How does a chelated ingredient work? The body believes an amino acid chelate is a small protein molecule, and so treats it as such. The mineral is therefore protected from going through a chemical reaction in the stomach and reaches the small intestine intact, where it is then absorbed by the body through active transport. Once in the tissue, some metabolism will take place and the mineral will be removed from the chelating agent and bond to other transport molecules to move throughout the body.

How does a chelated mineral stack up against an unchelated one? In an instance such as iron sulfate, which is electronically active, it goes around looking for things to join. One possibility is it could meet up with an amino acid from digested meatforming a chelation, which is the best case scenario. Or, it can join to phytic acid from vegetables and wheat, where it then becomes unabsorbable and is eliminated.

For manufacturers looking to put together a multivitamin/mineral formula, chelation may offer more than just more bioavailable minerals. When you use amino acid chelates, they do not cause deterioration of vitamins, but when you use nonchelated minerals, the vitamins begin to deteriorate immediately, Ashmead noted. If that vitamin/mineral product sits on a shelf for any period of timetwo, three monthsyoure going to have a significant loss in the amount of vitamin activity in that product because the nonchelated minerals are causing oxidation.

He added that a manufacturer would have to compensate for the erosion caused by nonchelated minerals by adding more vitamins to the formula to meet the label amounts. However, the mineral density is not as high in an amino acid chelate (20 percent) as in a nonchelated mineral (35 percent), and so a manufacturer needs to account for that in its formula.

Another delivery technology that can be applied to increase bioavailability is controlled delivery technology (CDT), offered by SCOLR. CDT technology is a suite of three patents specific to capsules and tablets; the most dominant form chosen is tablet because of lower costs in manufacturing and greater flexibility in size. SCLOR chooses the most appropriate patent for a manufacturers needs.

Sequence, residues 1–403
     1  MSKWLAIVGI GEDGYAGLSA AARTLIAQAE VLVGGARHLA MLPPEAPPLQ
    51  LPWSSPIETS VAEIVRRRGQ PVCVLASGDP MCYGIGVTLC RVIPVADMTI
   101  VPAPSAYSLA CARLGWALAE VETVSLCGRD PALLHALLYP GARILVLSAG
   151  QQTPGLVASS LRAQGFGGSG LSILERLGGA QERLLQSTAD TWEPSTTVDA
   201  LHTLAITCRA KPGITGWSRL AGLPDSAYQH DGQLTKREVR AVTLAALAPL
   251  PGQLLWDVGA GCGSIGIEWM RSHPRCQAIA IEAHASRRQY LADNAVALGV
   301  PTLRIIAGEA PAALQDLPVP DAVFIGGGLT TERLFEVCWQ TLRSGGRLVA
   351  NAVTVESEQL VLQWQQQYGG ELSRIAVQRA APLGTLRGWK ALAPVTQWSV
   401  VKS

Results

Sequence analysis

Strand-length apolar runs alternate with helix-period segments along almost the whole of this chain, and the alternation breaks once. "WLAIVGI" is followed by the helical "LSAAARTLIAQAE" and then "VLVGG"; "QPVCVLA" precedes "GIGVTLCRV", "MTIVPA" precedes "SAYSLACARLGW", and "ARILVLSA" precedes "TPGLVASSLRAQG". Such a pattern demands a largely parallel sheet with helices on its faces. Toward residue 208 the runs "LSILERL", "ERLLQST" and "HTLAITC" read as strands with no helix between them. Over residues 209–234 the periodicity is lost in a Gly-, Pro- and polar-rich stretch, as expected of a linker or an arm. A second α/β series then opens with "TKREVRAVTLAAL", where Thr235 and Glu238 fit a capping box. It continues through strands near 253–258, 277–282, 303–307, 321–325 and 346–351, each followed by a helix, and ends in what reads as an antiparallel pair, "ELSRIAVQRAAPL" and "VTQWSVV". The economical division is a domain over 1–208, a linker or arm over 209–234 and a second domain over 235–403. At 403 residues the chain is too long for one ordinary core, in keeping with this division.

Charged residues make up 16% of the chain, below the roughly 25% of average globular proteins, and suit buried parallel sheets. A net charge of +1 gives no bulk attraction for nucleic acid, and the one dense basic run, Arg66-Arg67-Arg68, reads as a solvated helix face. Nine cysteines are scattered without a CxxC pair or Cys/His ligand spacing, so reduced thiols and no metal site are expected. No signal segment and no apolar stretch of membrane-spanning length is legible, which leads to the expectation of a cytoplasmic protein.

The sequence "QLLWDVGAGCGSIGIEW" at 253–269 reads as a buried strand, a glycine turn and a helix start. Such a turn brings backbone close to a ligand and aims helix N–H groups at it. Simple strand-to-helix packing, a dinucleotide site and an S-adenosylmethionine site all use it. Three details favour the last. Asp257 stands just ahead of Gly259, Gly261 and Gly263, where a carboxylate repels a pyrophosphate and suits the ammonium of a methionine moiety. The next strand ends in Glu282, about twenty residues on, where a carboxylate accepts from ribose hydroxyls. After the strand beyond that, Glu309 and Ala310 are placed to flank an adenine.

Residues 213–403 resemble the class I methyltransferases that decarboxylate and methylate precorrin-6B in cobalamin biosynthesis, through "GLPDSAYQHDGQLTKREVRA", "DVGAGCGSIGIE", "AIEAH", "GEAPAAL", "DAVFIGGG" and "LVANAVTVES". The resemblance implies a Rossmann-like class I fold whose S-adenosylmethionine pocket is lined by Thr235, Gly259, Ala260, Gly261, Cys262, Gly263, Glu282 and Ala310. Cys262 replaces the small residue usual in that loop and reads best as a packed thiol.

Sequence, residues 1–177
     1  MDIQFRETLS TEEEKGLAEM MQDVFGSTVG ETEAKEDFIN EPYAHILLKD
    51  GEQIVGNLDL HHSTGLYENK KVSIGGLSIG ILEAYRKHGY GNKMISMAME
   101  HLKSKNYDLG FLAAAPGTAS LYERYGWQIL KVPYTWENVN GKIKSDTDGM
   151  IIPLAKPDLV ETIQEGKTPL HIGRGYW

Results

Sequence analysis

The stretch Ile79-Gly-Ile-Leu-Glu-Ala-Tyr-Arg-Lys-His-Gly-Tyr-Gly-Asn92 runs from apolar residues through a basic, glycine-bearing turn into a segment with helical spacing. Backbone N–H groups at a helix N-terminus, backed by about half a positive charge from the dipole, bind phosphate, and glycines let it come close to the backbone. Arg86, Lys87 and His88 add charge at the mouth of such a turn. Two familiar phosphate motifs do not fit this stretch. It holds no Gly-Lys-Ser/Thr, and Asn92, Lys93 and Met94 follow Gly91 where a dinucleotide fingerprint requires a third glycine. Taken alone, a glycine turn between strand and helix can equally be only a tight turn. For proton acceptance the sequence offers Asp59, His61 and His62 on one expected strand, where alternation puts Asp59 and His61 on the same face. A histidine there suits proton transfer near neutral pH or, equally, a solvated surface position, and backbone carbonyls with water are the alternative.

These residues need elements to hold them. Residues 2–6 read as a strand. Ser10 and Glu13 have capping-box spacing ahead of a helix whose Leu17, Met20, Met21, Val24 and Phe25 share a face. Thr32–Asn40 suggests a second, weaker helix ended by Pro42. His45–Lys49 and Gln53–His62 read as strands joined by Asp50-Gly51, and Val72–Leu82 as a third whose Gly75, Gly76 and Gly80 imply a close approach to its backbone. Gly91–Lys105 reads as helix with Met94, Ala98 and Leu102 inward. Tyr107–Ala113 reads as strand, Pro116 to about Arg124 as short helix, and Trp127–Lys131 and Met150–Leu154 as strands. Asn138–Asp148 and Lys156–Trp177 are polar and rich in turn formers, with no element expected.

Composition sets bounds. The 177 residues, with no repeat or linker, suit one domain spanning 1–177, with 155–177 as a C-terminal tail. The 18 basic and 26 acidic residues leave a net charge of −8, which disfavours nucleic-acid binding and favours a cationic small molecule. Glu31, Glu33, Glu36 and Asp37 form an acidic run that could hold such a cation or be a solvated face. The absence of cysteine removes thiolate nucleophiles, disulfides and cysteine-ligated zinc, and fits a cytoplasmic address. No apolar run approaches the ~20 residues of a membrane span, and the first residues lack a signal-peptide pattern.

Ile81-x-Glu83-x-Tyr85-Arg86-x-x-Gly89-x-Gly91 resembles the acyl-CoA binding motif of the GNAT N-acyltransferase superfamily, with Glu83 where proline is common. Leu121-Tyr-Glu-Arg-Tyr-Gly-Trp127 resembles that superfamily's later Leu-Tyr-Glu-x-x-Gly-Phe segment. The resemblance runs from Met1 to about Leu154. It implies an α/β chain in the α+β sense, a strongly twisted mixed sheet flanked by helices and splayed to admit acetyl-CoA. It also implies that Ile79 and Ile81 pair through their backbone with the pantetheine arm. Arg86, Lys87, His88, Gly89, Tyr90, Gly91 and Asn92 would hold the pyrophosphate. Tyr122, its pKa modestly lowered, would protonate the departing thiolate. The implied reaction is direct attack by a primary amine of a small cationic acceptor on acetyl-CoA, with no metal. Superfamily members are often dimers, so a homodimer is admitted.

Any compound that can be consumed orally and would benefit the body from staying around longer makes sense for a drug delivery technology, according to Stephen Turner, SCOLRs director of product development. One example is vitamin C, according to Turner. This vitamin offers a gamut of benefits, but it is watersoluble and doesnt naturally stick in the body for a long time. As its absorbed, it is virtually metabolized and excreted at the same rate. If you can prolong the time for which it is available, you can get improved performance out of it, he said.

Putting more of an ingredient into a tablet or capsule without delayed delivery technology will not effectively deliver the dose, either. According to Turner, the larger the dose, the less is actually absorbed.

Delivery systems are more than just delaying or prolonging the time in which a tablet is dissolved. Delivery systems have the ability to enhance the solubility of a poorly soluble compound and to improve the effectiveness of a product by keeping it in the body longer. Theres more to delivery systems than just coating a tablet, which is really popular, Turner said.

In fact, one of the more common oral delivery systems being used is a simple matrix that incorporates hydrophilic polymers which swell in water and uses waxes to control the release of active components in a tablet or capsule, creating a Swiss cheese effect that allows active ingredients to seep from the pill into the body.